The Collected Thoughts Of The Chairman

  • Clean Up Your Room
  • Beach Boys The Capitol Years
  • Beach Boys The Warner Years
  • A Tribute To Micky Jones

Get Up Off The Floor Of Your LIfe

The Problem:

records on the floorThe last few years have been particularly good for a record hound like myself. The local thrift shops offer up a few choice items every week. The occasional collection always seems like it must be the last one we will ever see. Trips this summer to Billings, Denver and Boulder yielded stacks of unexpected treasures. Prices are good, so it's easy to fill in gaps, and explore new avenues.

The original 16 crates have been with me since the mid 70's. A record shop I worked at used them in the warehouse. I've built 12 more over the years to accommodate the unavoidable growth. In the last couple of years, it seems there is a chronic stack of albums on the floor "to be sorted and filed". There are also boxes of albums in the cupboard. Some are duplicates, and things to sell, but there are some gems that have never been put into the main library. Last week, I attempted to clean up the mess, but gave up after a couple of futile hours.

The Solution:

When I originally laid out the studio, after the big remodel, I left a space between the two columns of crates. It was intended to be some space to hang headphones, but quickly attracted a lot of unused gear, and a few odd records. I finally figured if I moved the left stack over, closer to the piano, I could fit a 20 inch wide stack of crates. 4 crates, 80 inches more shelf space.

the solutionThe process is pretty simple. The concern is that I don't have transport for a  4' x 8' sheet of plywood. I had to ask a friend for help, when I build two roll around carts for KGLT. I didn't want to impose again. On Sunday, I was determined to attack this problem, but wasn't sure if I could round up the materials. Before I headed to the local Home Despot, I figured I had better take a walk through the garage to see what might be found in the piles of scrap lumber. Eureka! There was still most of a big wooden shipping box I had dismantled. The two 1" x 12" pieces of pine would be enough for the eight end pieces. That was incentive to crawl over the pile of household stuff, to see if there was a sheet of 1/2" ply to be found. I had salvaged one sheet to trim the radio station media carts. Alas, there was still the second sheet from the shipping crate, and it seemed to be in good shape, Nearly every square inch was usable. Another piece of 1/2" wasn't a full sheet, but would help. I now had to put pencil to paper to see exactly what I would need. In the end, I had to cheat on the back pieces a little, but this wouldn't make a big difference to the structural integrity.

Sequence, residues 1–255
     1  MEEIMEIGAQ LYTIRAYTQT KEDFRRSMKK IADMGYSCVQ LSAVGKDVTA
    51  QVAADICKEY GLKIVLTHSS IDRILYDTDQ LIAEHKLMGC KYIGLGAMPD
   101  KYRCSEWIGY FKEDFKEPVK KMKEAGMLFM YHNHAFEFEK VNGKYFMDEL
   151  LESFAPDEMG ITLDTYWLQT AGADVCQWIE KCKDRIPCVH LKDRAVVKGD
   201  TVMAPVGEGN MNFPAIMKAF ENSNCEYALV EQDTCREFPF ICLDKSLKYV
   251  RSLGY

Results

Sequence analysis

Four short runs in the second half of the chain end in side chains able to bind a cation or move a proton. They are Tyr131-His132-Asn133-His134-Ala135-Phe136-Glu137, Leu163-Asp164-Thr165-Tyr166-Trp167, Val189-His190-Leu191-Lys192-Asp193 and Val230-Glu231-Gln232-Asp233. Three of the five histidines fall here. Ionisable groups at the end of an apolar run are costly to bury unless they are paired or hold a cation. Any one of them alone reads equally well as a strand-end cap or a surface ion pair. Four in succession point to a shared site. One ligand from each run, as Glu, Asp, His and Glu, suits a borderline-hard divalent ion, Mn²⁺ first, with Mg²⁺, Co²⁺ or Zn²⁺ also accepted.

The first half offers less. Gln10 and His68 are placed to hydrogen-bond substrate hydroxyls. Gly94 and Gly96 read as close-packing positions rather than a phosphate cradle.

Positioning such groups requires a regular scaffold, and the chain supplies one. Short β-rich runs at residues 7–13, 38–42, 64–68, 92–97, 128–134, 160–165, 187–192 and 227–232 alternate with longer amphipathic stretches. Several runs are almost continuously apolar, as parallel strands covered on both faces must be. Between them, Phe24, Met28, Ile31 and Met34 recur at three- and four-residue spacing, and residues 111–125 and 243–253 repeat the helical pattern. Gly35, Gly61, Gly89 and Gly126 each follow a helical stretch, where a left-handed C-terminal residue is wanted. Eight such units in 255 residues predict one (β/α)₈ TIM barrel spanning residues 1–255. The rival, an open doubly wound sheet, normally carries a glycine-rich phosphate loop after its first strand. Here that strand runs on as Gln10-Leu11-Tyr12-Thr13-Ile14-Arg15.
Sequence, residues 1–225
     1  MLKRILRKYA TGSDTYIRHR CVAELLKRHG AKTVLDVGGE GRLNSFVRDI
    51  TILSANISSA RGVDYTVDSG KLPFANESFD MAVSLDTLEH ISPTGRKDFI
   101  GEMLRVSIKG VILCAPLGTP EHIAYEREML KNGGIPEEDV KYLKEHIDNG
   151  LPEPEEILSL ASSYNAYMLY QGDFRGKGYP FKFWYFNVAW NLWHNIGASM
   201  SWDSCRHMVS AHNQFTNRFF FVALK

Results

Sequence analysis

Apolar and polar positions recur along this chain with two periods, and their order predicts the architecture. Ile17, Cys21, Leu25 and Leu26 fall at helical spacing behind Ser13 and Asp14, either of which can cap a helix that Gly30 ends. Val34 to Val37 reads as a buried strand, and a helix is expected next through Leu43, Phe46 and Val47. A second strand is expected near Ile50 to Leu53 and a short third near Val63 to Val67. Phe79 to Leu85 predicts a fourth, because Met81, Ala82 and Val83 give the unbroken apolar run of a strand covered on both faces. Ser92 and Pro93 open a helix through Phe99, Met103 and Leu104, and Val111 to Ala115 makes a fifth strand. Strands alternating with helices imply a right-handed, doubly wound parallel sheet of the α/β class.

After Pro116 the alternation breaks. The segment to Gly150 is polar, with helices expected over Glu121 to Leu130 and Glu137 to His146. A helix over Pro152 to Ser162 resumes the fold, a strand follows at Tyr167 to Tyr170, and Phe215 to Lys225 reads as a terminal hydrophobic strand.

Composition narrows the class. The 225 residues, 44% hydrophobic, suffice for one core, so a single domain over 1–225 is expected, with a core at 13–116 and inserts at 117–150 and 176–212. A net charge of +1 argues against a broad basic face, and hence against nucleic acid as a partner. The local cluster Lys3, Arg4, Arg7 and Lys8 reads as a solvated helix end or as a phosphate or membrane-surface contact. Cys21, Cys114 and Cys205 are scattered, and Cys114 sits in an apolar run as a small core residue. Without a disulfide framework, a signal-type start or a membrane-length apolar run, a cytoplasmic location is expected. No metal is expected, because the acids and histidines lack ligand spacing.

The Workshop:

the workshopI don't consider myself a carpenter of any great skill. I was taught some basics as a kid, and can get by with out looking stupid. It would be fantastic to have a shop, and all the necessary power tools, but I don't. A SkilSaw and two little saw horses are about it. For what I'd be doing today, that is more than enough. In the end, my total expense was $1.08 for a bag 'o nails.

If you want to see how it came out, have a look at the slide show. You can measure the progress. I took some photos of a few of the gems in the collection.

...in the end, it all worked as planned. It is possible to get stuff on and off the shelf. There is plenty of room for growth, and it cleand up the clutter, for now.

Micky Jones - Pound for pound, the greatest guitar player to walk this earth..

A fan's look at an amazing career
by RS photos by Karen

As some of you know, the Welsh band, Man have been close friends for over thirty years. I was introduced to them by Andrew Lauder, who was running their label, UA at the time. So it's with a heavy heart I have to write this tribute to Micky Jones. A few years ago, Mick was diagnosed with a brain tumor. At the time is was deemed benign, and is was hoped that with surgery, he would make a full recovery. This seemed to be the case. Sadly, at the end of last year, Micky returned to the hospital for further treatment, as the tumors had returned. Despite the efforts to treat Micky, he's been in serious decline. Micky is currently living in a nursing home, where he is well cared for. The most recent reports from his friends and family are not encouraging. Rather than wait for the inevitable end, I thought I say a few words about this wonderful human being, and extraordinary guitarist.